This Minimalist HDB Flat Is A Feng Shui Dream Come True

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While some homeowners hanker after trending styles like industrial and Scandinavian, the middle-aged homeowners of this HDB flat unit preferred a more relaxed family home to spend quality time with their two young adult children. “They specified for a quiet, contemplative space which leaned towards minimalistic style influences from Japan and Taiwan,” reveals the Artistroom design team who took charge of the renovation.

Taking inspiration from airy and high-ceilinged Asian homes, the designers needed to figure out how to work that spacious appeal into an HBD flat. The key to that was to reconfigure the layout of the unit and to maximise the natural orientation of daylight. Besides that, they needed to adhere to certain Feng Shui requirements and that culminated in them hacking away one of the common bedrooms, and rebuilding another room at the original living zone.

Now set in between the two common bedrooms, the shared living and dining zones are bathed in an abundance of daylight. The flow of light is accentuated by hacking away the boundary walls of the kitchen and then turning it into an open-concept space. The serenity of white is also well explored within the open confines of the living, dining and kitchen zones.

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For a tactile touch of warmth, soothing nature-inspired finishes are introduced through the use of wide format homogeneous tiles in a light sandy hue and timber strips. By keeping the design lines simple and the flow of light and space mostly unobstructed, the designers brought out a subdued elegance through the understated colour palette.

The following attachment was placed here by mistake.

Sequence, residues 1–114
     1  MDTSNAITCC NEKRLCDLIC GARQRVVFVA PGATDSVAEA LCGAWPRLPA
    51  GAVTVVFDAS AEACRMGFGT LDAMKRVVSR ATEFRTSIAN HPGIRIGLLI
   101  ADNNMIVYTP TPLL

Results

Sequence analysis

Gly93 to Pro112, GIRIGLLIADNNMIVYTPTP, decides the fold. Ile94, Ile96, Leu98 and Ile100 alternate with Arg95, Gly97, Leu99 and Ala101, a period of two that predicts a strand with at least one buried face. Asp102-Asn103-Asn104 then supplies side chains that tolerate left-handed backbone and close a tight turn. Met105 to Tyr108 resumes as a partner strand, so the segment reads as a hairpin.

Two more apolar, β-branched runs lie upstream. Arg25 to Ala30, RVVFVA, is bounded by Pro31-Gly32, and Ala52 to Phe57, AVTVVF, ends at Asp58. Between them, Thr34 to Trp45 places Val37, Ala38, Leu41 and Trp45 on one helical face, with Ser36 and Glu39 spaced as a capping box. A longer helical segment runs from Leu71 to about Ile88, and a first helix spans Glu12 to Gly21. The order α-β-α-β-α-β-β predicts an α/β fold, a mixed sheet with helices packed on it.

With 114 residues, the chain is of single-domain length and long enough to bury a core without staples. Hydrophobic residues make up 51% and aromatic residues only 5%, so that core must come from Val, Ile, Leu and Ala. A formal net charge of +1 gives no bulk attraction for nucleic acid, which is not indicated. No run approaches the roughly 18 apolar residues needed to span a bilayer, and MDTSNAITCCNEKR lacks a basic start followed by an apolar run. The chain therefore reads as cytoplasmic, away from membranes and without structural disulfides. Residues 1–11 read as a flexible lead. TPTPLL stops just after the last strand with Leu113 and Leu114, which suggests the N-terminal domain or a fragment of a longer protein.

The flat unit came without flooring and doors so the team decided to change the entrances to the bedrooms to something less conventional. Veneer surfaces now clad the swing-in door and sliding pocket door for the master bedroom and son’s bedroom respectively. These wood-look accents further reinforce the tranquillity of the Asian minimalistic style, and better define the transition from the communal zones to the private bedrooms.

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Noting that the family enjoys entertaining, the team designed an island unit which now fronts the open-plan kitchen. This hardworking counter can double as a food preparation station as well as a breakfast counter to accommodate overflow guests from the dining area. The team also designed a storage settee in the adjoining living area as extra seating. These thoughtful amenities all point to an entertaining-friendly communal zone which is all set to receive guests.

One of the design highlights of this HDB flat is its application of graceful contours. It can be seen on the curvy edges outlining the quartz kitchen countertops and the wall dividers which front the bedrooms. These curvy design accents not only soften the boxy forms stemming from the overall minimalistic style, it has a functional appeal. One of the dividers is used as dual-sided display shelving and it adds visual interest to the dining space.

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Combining a minimalistic aesthetic with thoughtful practicality, this family home by Artistroom has successfully achieved a sense of calm without compromising on functionality. With that, the homeowners get to enjoy familial bliss amidst the wonder of minimal detail.

This post was adapted from an article originally published in the January 2020 issue of SquareRooms.

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